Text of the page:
Why so long?

After putting up the black Saab for sale, I received a call from an eager “buyer.” He was calling from Akron and promised to be at my home in two hours. He arrived four hours later. Then after looking at the car, he made an offer which I chose to accept. But because he was alone, he left to find someone to drive the car back. “I’ll be back in five minutes.” Two hours later, I called his cell phone and he promised to return at 8:00 am the next morning. By 8:30 am I finally gave up on the man and didn’t even bother to call him back.

Some people view the promise of Christ’s return in the same way. They have attended church long enough to read the passages or hear sermons about the Return of Christ. But when they consider the amount of time that has passed, they begin to wonder if Christianity is based on the same kind of broken promises I received from that would be buyer. They have seen other religious people make promises about the future with the same results. As they consider the length of time since our Lord Jesus made his promise, they begin to mock any who still believe it.

After reading 2 Peter 3:1-9, you may be thinking that these doubters had been waiting several hundred years. But this was not the case. They had been waiting a mere thirty years. It is sad to report that their unbelief affected some within the community of faith. So, Peter wrote this portion of his letter to address the return of Christ.

Remember the promise (1-4).

Someone has said that few people need to be informed. What they need most is to be reminded. This was true of the believers to whom Peter was writing (see 1:12-15). They knew that the Lord Jesus had promised to return. There is no doubt that Peter had recounted his experiences with the risen Savior and his promise before the ascension. But as these believers faced the ridicule of the mockers, they needed to be reminded of this great promise (Acts 3:19-21). They also needed to remember that the prophets and apostles had prophesied about the mockers as well (Jude 17-19).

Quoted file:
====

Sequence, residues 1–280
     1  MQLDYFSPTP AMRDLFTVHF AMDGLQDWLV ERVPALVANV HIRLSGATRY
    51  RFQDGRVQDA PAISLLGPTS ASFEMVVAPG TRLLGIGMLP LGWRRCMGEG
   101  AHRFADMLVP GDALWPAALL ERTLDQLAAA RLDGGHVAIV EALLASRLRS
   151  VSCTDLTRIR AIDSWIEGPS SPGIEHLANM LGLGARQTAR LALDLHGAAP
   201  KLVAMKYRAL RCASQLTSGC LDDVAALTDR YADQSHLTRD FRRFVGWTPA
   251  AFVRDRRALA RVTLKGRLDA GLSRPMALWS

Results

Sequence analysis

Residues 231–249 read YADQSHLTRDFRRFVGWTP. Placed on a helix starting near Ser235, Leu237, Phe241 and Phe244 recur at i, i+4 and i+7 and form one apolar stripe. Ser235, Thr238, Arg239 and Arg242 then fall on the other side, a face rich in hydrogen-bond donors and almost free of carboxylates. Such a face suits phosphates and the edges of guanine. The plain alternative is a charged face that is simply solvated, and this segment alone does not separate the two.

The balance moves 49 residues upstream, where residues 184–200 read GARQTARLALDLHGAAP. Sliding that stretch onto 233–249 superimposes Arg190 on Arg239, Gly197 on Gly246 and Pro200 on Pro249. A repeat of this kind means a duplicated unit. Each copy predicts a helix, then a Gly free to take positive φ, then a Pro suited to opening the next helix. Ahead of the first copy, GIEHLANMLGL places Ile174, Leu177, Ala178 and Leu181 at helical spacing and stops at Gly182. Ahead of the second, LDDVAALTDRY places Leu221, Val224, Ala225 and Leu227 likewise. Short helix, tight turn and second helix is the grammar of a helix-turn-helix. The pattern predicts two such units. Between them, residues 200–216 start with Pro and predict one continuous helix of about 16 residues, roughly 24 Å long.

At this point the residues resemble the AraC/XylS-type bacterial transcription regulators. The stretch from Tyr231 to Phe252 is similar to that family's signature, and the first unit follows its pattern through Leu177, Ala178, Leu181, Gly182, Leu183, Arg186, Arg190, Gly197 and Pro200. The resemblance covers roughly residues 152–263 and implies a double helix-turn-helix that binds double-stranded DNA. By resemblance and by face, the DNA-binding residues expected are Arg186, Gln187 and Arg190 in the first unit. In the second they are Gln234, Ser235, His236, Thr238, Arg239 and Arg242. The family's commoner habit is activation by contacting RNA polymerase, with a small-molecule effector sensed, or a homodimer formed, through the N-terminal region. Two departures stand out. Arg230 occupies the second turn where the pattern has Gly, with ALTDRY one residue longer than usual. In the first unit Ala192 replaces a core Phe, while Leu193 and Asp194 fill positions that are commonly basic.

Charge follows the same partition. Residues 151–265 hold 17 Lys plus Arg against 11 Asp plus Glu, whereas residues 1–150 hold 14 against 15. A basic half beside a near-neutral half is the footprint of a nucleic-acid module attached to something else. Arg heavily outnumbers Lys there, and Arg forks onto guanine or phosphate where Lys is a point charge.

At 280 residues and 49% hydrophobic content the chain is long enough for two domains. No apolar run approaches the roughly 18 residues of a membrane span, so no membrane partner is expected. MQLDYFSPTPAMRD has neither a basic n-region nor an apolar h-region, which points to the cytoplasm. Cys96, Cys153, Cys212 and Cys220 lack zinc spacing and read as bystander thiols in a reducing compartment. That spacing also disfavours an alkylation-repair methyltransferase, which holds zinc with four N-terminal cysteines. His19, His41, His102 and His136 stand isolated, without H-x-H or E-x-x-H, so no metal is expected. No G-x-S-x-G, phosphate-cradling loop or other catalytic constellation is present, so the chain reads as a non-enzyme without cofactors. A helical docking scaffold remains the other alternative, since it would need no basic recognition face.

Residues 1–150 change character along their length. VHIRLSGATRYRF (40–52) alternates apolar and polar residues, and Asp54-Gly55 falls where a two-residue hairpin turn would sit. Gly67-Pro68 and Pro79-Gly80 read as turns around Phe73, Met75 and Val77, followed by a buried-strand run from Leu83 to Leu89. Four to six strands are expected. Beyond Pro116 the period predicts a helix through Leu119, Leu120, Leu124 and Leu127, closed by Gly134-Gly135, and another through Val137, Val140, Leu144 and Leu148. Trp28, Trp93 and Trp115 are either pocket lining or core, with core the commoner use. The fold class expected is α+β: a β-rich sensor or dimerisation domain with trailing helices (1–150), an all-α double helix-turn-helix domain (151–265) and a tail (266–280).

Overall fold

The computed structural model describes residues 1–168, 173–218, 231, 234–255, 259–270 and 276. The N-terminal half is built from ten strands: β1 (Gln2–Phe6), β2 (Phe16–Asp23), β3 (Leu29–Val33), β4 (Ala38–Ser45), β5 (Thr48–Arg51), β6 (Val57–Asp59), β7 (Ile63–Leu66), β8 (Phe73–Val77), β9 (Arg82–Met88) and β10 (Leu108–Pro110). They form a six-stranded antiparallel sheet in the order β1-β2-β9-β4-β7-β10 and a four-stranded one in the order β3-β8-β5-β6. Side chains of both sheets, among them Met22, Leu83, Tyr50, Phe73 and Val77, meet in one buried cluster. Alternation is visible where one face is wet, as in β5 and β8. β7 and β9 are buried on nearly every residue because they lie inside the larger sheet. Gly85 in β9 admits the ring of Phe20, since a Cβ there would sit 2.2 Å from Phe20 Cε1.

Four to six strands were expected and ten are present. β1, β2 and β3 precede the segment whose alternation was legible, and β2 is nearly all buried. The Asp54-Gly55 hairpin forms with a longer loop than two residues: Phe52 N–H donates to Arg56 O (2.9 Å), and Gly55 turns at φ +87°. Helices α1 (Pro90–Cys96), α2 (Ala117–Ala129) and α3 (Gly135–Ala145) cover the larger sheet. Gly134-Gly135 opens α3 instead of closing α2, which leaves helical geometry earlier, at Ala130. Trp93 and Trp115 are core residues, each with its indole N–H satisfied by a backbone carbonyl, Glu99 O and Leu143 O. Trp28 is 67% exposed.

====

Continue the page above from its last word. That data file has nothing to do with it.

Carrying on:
These mockers were known for two characteristics. The first characteristic was their preoccupation with lust. Without the Holy Spirit to produce self-control, and without the knowledge of the unsearchable riches of Christ, they sought for fulfillment in the carnal pleasure. Paul spoke about such people and his description was not very appealing (2 Tim. 3:1-9).

There is something sobering about the return of Christ. It puts everything else into perspective. Having the finest clothing, houses, or cars isn’t that important next to the possibility of Christ returning at any moment. But it is not so with the mockers. They laugh at the promise. “Where is the promise?” is another way of saying, “Are you an idiot? Nothing has happened.” As they looked back in history, they saw a generation pass away and there were no signs of Christ’s return getting any closer.

Recognize the ignorance (5-7).

After the first few readings, I was oblivious to what Peter was saying here. But as I continued to read, the idea hit me. Peter is comparing Christ’s words of promise to the words which culminated in Creation and the Flood. The mockers are ignorant that God’s words never fail (Isa. 55:11). When he spoke, the earth and the sea were created. He promised Noah that he would send the Flood and it eventually took place. Yes, a hundred years passed before it happened, but it did happen. The same one who created the world and caused the Great Flood, is the same one who promised to return for his own. He is also the same one who will one day destroy the physical world with fire.